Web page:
Honda Civic Type R Sport Line Rear

Feelings aside, the Civic Type R became the fastest front-wheel-drive car around the Nürburgring when it set a time of 7:43.80 back in 2017. So it is, by all accounts that matter, a legitimately fast car around the track. I would expect the newer versions of the CTR – particularly the Limited Edition model – to be even faster.

Design, Styling & Interior

Some other improvements to the 2020 CTR included a larger front grille being fitted to improve engine cooling, which the Sport Line is also the beneficiary of. Then, of course, there’s the aforementioned removal of the large rear wing, which is replaced by a much smaller decklid spoiler. The deletion of the red stripping normally highlighting the front lip, side skirts, and rear valance is a more subtle hint of the Sport Line’s pedigree, while the 19″ wheels provide the finishing touches on a more unassuming combination of form and function. Otherwise, the rest of the parts bin remains communal in all regards to exterior styling.

In terms of appearances, I’d like to think of the new Sport Line as what would happen if you gave a 20-year-old a $7,000 budget and a base Civic, then told them to option it using only OEM Honda parts (and that the standard rear wing was no longer available). That is neither a compliment nor a dig at the car’s subjective styling but more of an observation.

Inside, extra sound-deadening materials have been installed to enhance the grand touring experience, while black fabric seats replace the more popping red ones. The only immediately identifiable traits which suggest that the Sport Line is indeed still a Civic Type R are quintessential and iconic red Honda badges on the front grille and rear bumper, as well as the red Brembo brake calipers.

Honda Civic Type R Sport Line Seats

In the end, the more indistinct styling of the Sport Line won’t prevent the latest Civic Type R from remaining a polarizing figure amongst the car enthusiast community. Those who love it love it, but overall the CTR has never been overwhelmingly popular for its looks. In a way, this speaks volumes about how great of a performer it has to be in order to continue garnering the huge amount of praise it receives. So, did the Sport Line transform the CTR from a lively teen heartthrob to an introspective silver fox? Perhaps not, but overall, its intentions are completely transparent, so mission accomplished, I suppose.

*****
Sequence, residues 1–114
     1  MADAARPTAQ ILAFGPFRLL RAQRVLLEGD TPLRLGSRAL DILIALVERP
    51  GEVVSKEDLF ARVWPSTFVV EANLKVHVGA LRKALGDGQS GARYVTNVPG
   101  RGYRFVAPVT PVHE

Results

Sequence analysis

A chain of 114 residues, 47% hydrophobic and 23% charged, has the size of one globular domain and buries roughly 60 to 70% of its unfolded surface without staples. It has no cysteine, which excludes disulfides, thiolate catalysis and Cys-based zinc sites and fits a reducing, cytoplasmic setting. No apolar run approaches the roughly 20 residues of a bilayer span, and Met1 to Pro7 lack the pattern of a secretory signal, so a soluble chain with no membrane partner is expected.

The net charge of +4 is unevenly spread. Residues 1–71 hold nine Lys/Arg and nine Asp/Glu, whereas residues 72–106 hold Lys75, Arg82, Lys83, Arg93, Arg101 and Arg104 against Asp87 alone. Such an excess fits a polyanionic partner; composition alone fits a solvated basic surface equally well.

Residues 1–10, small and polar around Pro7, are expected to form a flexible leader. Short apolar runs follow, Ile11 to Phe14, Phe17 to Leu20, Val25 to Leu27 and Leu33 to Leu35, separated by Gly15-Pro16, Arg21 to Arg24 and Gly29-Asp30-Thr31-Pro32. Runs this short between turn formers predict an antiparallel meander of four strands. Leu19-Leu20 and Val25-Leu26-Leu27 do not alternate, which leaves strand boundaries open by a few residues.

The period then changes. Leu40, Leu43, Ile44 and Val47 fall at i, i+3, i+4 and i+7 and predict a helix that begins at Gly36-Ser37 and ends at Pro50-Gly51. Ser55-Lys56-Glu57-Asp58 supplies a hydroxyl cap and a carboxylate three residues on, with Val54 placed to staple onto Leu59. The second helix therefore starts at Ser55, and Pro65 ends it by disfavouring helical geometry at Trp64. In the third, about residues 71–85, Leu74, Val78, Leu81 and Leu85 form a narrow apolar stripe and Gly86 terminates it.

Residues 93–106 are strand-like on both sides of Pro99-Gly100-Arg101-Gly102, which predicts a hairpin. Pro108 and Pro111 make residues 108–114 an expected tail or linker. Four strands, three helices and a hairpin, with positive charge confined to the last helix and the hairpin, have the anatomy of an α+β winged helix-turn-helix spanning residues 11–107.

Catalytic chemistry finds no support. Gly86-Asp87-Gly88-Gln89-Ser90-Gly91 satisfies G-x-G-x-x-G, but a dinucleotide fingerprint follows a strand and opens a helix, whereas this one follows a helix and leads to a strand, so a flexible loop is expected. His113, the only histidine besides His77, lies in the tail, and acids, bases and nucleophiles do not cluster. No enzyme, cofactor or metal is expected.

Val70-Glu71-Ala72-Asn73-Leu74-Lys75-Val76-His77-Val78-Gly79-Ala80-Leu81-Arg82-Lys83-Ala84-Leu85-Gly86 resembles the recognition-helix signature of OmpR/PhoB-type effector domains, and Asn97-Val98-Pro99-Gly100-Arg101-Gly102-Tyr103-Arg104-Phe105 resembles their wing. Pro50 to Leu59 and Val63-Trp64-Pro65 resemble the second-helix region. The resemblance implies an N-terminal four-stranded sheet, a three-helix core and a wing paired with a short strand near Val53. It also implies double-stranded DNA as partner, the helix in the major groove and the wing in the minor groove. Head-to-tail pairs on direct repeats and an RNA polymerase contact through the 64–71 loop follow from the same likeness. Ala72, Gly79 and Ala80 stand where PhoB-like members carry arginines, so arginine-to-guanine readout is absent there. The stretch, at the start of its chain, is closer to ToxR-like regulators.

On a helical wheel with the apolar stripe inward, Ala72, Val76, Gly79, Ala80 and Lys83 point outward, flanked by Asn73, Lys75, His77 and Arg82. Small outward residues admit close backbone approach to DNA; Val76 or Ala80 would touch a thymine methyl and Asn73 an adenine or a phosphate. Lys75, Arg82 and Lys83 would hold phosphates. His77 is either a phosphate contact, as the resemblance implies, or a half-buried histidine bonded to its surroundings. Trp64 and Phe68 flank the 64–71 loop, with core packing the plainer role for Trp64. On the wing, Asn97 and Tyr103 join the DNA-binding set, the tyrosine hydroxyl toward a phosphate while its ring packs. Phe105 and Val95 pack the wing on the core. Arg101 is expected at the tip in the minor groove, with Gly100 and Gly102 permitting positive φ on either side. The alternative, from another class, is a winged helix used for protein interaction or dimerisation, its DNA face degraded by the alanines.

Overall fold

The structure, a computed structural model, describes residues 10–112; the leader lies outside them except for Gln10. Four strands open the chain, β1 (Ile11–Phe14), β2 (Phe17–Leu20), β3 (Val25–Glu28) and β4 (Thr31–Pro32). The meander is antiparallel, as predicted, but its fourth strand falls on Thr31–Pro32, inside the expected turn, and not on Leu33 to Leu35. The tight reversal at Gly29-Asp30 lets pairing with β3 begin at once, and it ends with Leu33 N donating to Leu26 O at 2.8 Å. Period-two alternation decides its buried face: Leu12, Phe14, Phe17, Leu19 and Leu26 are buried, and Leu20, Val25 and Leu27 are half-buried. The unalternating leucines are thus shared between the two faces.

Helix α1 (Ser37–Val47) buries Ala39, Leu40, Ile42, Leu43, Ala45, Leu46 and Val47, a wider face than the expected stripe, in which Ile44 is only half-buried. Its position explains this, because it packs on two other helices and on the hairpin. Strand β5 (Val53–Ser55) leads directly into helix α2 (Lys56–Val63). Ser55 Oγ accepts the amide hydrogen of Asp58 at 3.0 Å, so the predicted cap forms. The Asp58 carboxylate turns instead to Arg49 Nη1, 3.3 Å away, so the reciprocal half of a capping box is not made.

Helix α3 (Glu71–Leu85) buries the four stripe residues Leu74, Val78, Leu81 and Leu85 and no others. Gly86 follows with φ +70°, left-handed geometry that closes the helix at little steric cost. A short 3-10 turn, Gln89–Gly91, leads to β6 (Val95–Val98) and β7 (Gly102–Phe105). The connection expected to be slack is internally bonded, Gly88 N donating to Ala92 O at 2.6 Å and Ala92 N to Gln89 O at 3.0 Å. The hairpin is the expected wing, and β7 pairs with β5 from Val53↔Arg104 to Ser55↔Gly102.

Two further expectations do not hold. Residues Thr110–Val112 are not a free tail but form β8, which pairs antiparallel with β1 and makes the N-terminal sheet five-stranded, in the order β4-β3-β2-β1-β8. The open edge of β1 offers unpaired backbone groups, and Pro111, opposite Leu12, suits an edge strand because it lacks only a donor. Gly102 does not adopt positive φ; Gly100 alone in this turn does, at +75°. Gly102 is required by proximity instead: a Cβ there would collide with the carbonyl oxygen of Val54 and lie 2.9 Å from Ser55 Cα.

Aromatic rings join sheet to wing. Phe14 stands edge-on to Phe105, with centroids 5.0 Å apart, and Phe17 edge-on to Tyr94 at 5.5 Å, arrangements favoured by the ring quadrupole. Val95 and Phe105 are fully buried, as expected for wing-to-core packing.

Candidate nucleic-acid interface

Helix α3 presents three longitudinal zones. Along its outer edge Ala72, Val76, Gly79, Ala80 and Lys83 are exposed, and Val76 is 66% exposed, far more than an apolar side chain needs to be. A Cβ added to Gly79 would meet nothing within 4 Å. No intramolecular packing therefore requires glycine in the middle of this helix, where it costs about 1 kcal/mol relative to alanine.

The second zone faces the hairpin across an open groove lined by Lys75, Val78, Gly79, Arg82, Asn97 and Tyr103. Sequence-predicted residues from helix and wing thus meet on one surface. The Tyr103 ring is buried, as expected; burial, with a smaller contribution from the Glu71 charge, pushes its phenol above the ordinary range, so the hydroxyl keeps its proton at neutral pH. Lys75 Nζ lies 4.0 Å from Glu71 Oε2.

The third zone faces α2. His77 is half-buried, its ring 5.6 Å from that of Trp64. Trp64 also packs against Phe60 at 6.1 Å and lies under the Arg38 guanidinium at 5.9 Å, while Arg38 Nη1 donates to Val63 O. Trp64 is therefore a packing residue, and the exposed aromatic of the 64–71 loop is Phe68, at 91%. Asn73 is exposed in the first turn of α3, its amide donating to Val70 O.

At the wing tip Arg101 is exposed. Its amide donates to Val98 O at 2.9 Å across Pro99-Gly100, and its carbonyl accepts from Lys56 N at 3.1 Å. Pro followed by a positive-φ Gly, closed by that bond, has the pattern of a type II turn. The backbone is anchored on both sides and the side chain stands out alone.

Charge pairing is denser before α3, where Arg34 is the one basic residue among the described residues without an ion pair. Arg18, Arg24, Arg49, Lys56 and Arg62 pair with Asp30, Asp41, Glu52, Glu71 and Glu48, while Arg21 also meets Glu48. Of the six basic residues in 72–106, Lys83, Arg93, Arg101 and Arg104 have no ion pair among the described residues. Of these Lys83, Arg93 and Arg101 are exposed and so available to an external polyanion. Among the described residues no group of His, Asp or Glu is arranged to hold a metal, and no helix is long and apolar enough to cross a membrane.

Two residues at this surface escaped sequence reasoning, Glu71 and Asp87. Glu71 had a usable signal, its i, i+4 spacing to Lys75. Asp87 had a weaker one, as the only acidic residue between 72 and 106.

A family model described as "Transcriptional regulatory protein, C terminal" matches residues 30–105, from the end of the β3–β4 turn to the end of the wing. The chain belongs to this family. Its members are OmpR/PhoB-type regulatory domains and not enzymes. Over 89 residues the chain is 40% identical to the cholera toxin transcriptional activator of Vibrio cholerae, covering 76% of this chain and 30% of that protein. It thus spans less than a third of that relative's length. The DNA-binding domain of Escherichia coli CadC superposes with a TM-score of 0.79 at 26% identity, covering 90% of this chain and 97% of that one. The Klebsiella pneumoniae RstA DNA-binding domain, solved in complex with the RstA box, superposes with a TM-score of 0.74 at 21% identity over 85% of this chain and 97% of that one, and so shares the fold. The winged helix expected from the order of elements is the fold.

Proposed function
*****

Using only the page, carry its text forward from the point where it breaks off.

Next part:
The Honda Civic Type R Sport Line will have an MSRP of £34,450 in Europe, though it will not be available in North America, at least for now. With the closure of the UK-based Swindon plant in 2019 – where the vast majority of CTRs were produced – there has been a much lower supply of new examples worldwide. This has been reflected in the soaring values of CTR models on the used market. Dealers were often seen listing brand new examples for way above their sticker prices, although Honda’s corporate branches have been cracking down on this practice as of late. Still, getting hold of a brand new CTR remains more challenging than it was in the past.

Verdict – 9/10

Honda Civic Type R Sport Line Side

For the US marketplace, it is clear that Honda is happy with keeping the status quo of this “hot market” for CTRs, though Honda North America executives have not ruled out the possibility of bringing the Sport Line to our shores. For now, the company believes that the current roster of the standard car and Limited Edition model provides a happy medium for both the company and its loyal customers. I have to say, I agree with this decision; as much as I’d like to see the Sport Line over here, I think the “gentleman’s sports car” concept is more openly embraced on the other side of the Atlantic.

Objectively, the Honda Civic Type R Sport Line is a transparent, if not outright gimmicky, attempt at giving Honda’s popular sports car broader appeal. Aimed particularly at what looks to be an older and more mature customer base, the Sport Line ticks enough of the boxes that you’d expect; however, it ultimately falls short of shaking its reputation of being a predominantly younger enthusiast’s kind-of-car, even sans the massive rear wing. The upside? It’s still very much the Civic Type R we’ve come to love – and that’s not a bad thing.